Abstract John Herling was a prolific journalist, working for several publications and serving as White House correspondent and syndicated columnist specializing in labor affairs throughout the 1950s and 1960s. He owned "John Herling's Labor Letter," which he edited and published from 1947 to 1990, as well as authoring several books, including Strikes Under the New Deal, The Great Price Conspiracy, and ...
Abstract Kenosha Labor is the newspaper of the labor movement in Kenosha, Wisconsin. The papers of this journal include materials on UAW Local 72 at American Motors in Kenosha; strikes; the Trade Union Unity League; WPA; and the Wisconsin Employment Relations Board.
Abstract Between 1984 and 1995, labor attorney Tom Downs conducted oral history interviews with figures important to Michigan's political and labor history. Support for Downs' ongoing project was provided by the Reuther Library, the Michigan Political History Society, and others. Downs was also interviewed. Collection consists of either recordings and/or transcripts of 14 interviews. Participants discuss their backgrounds, entry into politics or the labor movement (or both), significant accomplishments...
Item — Box Individual Oral Histories Box 3: O-Si, Folder: 10
Abstract Around or before 1977, Sidney Kelman interviewed labor organizer Paul Silver. Silver was active in the UAW, including serving as president of UAW Local 351 from 1946 to 1964 and an assignment to the International UAW staff. Collection consists of interview recording and transcript. Silver talks about his family background including his socialist upbringing and its importance to his later beliefs and actions, his organizing at Detroit Steel Products and elsewhere, founding and leadership of UAW...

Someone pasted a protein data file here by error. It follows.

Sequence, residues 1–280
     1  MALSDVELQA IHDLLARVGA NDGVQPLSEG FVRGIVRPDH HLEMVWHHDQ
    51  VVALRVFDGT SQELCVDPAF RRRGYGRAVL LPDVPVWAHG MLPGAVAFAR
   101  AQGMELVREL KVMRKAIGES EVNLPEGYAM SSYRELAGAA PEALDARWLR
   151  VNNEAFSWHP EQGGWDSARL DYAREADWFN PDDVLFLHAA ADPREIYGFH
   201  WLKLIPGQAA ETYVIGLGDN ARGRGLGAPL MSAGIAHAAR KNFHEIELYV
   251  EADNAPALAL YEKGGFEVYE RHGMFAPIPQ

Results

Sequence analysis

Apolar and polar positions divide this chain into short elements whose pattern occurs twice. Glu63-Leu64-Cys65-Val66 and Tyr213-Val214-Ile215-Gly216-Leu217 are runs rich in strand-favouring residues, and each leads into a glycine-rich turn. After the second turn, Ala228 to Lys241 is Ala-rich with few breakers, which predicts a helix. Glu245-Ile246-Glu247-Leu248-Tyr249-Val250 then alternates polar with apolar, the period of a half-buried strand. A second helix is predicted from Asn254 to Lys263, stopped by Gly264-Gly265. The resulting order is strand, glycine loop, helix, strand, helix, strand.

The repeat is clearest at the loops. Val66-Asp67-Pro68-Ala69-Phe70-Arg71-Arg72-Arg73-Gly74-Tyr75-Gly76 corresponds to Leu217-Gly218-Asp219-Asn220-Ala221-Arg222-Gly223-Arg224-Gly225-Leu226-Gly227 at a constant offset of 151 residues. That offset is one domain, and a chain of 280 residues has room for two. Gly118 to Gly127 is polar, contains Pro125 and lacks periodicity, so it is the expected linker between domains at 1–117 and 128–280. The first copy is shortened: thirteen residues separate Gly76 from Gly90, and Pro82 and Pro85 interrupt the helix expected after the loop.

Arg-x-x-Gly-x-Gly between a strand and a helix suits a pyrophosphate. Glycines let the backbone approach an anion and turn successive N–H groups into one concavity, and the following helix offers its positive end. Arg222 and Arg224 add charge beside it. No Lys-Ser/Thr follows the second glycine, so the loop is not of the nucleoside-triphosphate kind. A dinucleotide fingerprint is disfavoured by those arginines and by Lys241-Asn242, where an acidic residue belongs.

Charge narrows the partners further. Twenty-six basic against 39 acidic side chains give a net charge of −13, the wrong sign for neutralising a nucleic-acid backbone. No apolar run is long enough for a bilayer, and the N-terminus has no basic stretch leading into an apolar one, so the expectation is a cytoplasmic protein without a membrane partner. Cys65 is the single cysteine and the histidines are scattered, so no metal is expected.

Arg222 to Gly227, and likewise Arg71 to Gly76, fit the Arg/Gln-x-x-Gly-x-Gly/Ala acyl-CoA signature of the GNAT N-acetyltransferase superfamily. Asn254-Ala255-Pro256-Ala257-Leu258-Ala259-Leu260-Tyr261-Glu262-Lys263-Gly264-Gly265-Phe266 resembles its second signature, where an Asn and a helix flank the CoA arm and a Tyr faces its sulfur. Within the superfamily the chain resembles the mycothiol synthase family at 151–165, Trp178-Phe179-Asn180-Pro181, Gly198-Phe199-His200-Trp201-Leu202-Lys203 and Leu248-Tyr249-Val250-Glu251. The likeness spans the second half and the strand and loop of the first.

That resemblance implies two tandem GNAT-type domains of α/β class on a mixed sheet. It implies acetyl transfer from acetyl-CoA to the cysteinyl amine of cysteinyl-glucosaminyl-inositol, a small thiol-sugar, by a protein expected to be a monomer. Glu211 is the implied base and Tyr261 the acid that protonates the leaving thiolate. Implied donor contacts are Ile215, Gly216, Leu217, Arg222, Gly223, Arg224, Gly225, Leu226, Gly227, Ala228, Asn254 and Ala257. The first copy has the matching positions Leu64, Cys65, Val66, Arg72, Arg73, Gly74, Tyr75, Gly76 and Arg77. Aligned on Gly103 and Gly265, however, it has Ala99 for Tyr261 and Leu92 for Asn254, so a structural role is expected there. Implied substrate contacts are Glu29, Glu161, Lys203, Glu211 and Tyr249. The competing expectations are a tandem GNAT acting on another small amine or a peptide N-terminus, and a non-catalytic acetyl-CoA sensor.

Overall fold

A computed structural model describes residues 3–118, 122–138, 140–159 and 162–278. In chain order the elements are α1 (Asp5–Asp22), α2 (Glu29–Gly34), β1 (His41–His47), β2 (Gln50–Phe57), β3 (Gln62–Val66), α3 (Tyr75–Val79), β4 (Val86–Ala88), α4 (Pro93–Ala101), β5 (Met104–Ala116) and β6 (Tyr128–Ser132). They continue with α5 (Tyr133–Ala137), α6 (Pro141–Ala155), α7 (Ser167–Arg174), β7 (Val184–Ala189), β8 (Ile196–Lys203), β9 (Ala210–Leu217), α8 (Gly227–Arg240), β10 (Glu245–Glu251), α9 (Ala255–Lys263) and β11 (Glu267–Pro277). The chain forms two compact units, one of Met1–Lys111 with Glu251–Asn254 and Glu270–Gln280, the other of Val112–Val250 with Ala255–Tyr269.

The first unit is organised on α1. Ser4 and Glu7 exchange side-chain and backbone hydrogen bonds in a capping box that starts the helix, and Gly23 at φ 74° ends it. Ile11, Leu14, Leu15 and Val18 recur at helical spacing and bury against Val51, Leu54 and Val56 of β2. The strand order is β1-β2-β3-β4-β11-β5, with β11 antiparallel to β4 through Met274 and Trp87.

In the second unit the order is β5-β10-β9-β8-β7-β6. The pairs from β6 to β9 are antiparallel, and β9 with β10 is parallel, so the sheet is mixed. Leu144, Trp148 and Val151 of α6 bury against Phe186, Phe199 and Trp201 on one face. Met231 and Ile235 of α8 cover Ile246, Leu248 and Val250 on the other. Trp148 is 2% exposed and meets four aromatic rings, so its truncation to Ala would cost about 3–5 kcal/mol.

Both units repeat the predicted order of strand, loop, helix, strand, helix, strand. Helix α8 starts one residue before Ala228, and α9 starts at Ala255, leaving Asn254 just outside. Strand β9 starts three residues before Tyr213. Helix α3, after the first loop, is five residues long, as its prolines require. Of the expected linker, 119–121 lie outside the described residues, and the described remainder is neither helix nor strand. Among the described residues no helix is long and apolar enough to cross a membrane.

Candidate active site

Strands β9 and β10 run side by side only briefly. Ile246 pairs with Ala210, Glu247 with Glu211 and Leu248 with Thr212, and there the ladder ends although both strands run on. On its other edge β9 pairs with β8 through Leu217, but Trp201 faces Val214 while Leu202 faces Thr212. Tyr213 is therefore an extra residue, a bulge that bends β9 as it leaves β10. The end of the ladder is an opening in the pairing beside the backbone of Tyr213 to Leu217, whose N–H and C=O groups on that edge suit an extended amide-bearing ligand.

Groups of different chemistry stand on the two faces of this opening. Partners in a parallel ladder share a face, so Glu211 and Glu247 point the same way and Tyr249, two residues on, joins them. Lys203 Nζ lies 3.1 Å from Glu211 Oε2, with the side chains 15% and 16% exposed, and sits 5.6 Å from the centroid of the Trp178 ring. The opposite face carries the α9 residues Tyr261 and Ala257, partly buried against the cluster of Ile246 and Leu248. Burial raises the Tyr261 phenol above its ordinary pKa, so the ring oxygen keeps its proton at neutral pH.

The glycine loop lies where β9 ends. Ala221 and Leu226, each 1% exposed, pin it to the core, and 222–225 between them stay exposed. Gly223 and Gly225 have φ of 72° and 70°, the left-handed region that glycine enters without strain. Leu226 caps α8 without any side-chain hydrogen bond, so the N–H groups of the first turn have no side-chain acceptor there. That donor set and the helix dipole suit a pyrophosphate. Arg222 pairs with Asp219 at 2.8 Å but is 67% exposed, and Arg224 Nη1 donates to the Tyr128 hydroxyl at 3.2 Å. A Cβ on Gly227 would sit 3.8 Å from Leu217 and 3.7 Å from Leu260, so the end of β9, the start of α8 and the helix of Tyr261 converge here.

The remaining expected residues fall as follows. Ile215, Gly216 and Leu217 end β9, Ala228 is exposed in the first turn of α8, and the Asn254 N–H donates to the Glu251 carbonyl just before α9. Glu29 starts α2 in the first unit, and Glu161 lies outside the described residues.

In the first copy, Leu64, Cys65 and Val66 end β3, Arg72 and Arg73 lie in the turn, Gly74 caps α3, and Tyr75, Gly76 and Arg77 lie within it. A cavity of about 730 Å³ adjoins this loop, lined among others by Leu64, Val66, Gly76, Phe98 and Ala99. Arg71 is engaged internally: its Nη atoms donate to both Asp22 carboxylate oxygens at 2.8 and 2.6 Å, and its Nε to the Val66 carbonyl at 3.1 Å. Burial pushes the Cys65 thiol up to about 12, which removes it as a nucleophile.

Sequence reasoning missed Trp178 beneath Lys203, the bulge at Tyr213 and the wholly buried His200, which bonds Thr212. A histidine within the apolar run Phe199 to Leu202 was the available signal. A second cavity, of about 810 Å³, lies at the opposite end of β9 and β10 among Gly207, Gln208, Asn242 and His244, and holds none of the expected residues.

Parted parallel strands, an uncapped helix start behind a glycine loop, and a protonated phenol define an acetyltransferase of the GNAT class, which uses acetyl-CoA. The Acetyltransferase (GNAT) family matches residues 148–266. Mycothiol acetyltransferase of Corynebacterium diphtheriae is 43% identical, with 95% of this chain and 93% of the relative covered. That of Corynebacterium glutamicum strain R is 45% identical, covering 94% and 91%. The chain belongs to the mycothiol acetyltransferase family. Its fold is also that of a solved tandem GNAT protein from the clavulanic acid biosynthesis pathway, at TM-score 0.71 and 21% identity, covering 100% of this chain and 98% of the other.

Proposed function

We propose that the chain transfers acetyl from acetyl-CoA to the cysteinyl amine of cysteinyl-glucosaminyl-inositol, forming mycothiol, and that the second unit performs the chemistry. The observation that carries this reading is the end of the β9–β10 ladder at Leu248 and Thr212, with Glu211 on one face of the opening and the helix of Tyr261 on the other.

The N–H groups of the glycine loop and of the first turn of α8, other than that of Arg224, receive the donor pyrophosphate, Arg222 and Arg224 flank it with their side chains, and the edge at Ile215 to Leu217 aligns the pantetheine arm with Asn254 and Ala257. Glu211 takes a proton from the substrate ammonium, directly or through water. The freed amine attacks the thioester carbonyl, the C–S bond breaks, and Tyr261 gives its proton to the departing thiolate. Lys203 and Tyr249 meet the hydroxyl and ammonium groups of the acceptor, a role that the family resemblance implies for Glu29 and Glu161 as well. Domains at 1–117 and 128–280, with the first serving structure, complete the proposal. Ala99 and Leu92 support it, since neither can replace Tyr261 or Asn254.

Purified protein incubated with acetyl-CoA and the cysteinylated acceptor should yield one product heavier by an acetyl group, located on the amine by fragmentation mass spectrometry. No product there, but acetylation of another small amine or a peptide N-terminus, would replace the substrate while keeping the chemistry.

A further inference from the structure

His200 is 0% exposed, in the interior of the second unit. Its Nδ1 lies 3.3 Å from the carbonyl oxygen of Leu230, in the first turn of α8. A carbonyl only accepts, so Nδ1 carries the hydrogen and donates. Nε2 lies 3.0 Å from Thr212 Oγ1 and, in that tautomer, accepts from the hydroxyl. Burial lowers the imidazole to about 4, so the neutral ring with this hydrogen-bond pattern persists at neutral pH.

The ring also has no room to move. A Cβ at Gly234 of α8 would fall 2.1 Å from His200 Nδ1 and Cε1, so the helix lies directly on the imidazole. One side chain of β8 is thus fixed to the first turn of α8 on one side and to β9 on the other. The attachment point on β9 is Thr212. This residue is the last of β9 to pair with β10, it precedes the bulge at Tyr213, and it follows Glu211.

Abstract Robert Lopez served as a United Auto Workers (UAW) International Union Delegate. Mr. Lopez’s papers reflect his work with the UAW and his interest in international concerns, particularly concerning Cuba, Nicaragua and El Salvador, and issues of labor and radical politics.
Abstract Ruth Milkman (1954-) is a professor of sociology at the CUNY Graduate Center and the academic director at the Joseph F. Murphy Institute for Worker Education and Labor Studies. Her professional focus is labor and labor movements, and she has published on a variety of topics revolving around work and organized labor in the United States. She received her B.A. from Brown University and her M.A. from the University of California, Berkley. Milkman’s early research focused on women workers during...
Abstract The State Workers Organizing Committee (SWOC) was a semi-caucus and political movement that worked within several unions, including the Welfare Employees Union (WUE), the American Federation of State, County, and Municipal Employees (AFSCME), the Michigan State Employees Association (MSEA), and the United Auto Workers (UAW) in the late 1970s and early 1980s. SWOC was born from within the WEU and served as an activist organization that played a key role in establishing local union chapters,...
Abstract Since the United Automobile Workers of America (UAW) was established as an affiliate of the American Federation of Labor (AFL) in August 1935, the union has maintained an office to deal with public relations. At that time, a "Committee on Publication" was formed, which became the "Publication Committee" in April 1936. The Committee subsequently became the "Publicity Department" in August 1936, when the UAW became an independent union affiliated with the Congress of Industrial Organizations...